What I'm Reading: A Confederacy of Dunces

Thursday, November 20, 2014


I would describe A Confederacy of Dunces as the adult version of Amelia Bedelia.  It centers around a larger-than-life character (Ignatius Reilly) and the barrage of crazy episodes that he gets himself into and the strange people he meets from different walks of life.  The plot doesn't really matter, which is at once annoying (a more nuanced and developed plot could have made this a tighter and more satisfying book), but also really freeing.  A Confederacy of Dunces invites you to step into its world, to be absorbed into 1960s New Orleans life, and to simply enjoy the series of ridiculous events as they unfold.

A Confederacy of Dunces definitely tickled my funny bone, and it is one of the best truly funny books that I have read.  As annoying and over-the-top as Ignatius is, he is such a well-drawn, fully flushed out, and ridiculous character that I couldn't help but laugh at him.  I loved his pseudo academic/philosophical musings, his rigid sense of justice and firm belief in his own infallibility, and his seemingly utter detachment from reality.  I particularly loved moments when he got close to something approximating rationality, but would then run in the opposite direction, looking for subtler (read: implausible) explanations for simple and obvious predicaments.  His writings, both to others and those he eventually intended to publish, were hilarious, with their frequent tangents, verbose tone, delusional quality, and snide remarks.  I would never want to meet Ignatius, but reading about him was pretty funny. 

I particularly enjoyed how A Confederacy of Dunces brought together such a wide range of  characters, each a fully realized individual with a hilarious personality.  Some of my favorites include Miss Trixie, Ignatius' elderly, feisty, and clearly senile one-time coworker, Mancuso, the downtrodden police officer who is forced to dress in costume while on duty, Dorian Greene, a gay man who finds Ignatius equally fascinating and ridicule-inducing, Mr. and Mrs. Levy, a husband and wife who are always at each other's throats and trying to blackmail one another, and Dr. Talc, a professor at Tulane who inspires Ignatius' ire and prompts him to draft a series of disapproving letters, all signed by "Zorro" and delivered as paper airplanes through Dr. Talc's office window.  A Confederacy of Dunces is kind of like a sitcom, with characters who feel completely real but also totally ridiculous, some boarding on insane.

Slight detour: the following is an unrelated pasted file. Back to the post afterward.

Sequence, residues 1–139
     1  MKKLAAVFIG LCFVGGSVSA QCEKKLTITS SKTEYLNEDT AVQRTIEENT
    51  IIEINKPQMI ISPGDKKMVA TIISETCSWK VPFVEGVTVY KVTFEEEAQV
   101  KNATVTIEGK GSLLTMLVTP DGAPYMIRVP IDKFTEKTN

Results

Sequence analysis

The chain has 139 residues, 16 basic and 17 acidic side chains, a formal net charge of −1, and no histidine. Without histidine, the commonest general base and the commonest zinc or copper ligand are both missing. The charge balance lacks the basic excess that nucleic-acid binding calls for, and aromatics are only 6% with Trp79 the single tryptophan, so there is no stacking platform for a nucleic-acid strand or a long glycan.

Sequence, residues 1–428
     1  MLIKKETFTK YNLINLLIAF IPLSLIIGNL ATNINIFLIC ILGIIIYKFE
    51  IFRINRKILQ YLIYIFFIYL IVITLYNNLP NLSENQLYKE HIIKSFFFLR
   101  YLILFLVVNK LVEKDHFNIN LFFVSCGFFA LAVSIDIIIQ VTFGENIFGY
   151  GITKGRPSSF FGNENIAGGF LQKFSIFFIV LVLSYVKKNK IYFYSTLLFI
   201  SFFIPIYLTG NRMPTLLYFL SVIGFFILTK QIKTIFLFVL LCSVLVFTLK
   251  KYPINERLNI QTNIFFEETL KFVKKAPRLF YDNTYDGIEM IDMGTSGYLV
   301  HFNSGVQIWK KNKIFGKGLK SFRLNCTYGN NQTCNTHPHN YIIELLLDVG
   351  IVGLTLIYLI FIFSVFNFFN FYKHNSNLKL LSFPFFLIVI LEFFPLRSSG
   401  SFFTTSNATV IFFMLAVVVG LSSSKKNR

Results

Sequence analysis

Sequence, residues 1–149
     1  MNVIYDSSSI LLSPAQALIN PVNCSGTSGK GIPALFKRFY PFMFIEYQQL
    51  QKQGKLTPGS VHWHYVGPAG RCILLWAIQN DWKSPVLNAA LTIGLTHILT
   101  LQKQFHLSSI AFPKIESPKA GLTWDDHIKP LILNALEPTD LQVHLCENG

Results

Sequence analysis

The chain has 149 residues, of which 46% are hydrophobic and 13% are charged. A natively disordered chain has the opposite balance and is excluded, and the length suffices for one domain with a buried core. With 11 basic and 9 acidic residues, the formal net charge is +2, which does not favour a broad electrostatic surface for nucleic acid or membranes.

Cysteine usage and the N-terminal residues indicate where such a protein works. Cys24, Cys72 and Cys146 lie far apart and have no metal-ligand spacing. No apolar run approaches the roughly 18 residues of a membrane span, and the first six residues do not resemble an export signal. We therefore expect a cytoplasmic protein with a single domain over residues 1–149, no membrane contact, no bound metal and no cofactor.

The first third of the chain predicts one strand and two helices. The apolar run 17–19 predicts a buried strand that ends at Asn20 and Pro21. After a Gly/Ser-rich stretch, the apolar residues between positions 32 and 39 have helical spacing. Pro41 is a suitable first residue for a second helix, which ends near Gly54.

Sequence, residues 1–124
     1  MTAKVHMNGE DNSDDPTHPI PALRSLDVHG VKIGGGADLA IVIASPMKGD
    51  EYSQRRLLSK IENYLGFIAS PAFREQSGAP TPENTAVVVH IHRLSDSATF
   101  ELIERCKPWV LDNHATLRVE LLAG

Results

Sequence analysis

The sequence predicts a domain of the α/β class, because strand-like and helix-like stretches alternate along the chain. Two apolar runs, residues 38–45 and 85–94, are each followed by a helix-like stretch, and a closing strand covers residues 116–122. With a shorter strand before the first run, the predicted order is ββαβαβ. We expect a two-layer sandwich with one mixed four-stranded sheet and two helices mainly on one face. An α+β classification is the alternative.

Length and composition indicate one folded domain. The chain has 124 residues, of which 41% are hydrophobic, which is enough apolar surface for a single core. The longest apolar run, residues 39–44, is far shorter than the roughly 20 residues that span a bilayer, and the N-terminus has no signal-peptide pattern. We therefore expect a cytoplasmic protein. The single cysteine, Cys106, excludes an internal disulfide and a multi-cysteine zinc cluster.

If you are looking for an engaging and silly read, A Confederacy of Dunces is a solid choice.  I'd recommend checking out the audiobook because the narrator does an excellent job capturing each character's particular accent.

Four out of five stars.    

4 comments:

  1. Your review made me feel like I need to re-read this one! I read it several years back and loved it, and I'm glad it's getting more attention lately.

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    1. I definitely think this one is worth rereading! And I know so many people who are reading it now, it's interesting that it's so popular. I definitely want to read the bio about the author and how the book got published. That whole story is equally fascinating!

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  2. Amelia Bedelia! What a great comparison. Personally the book struck me as a mix of Ulysses and Catch-22, but far more accessible than either and probably funnier to boot. I highly recommend this book. It may be rough around the edges, due in large part to its tragic history, but it is well worth the read (or listen for those Audible fans like myself).

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    1. I think anything is probably more accessible than James Joyce. :) It would have been so interesting to read this book had it gone through a more traditional editing and publication process, though I think its history really adds to the experience of the book itself.

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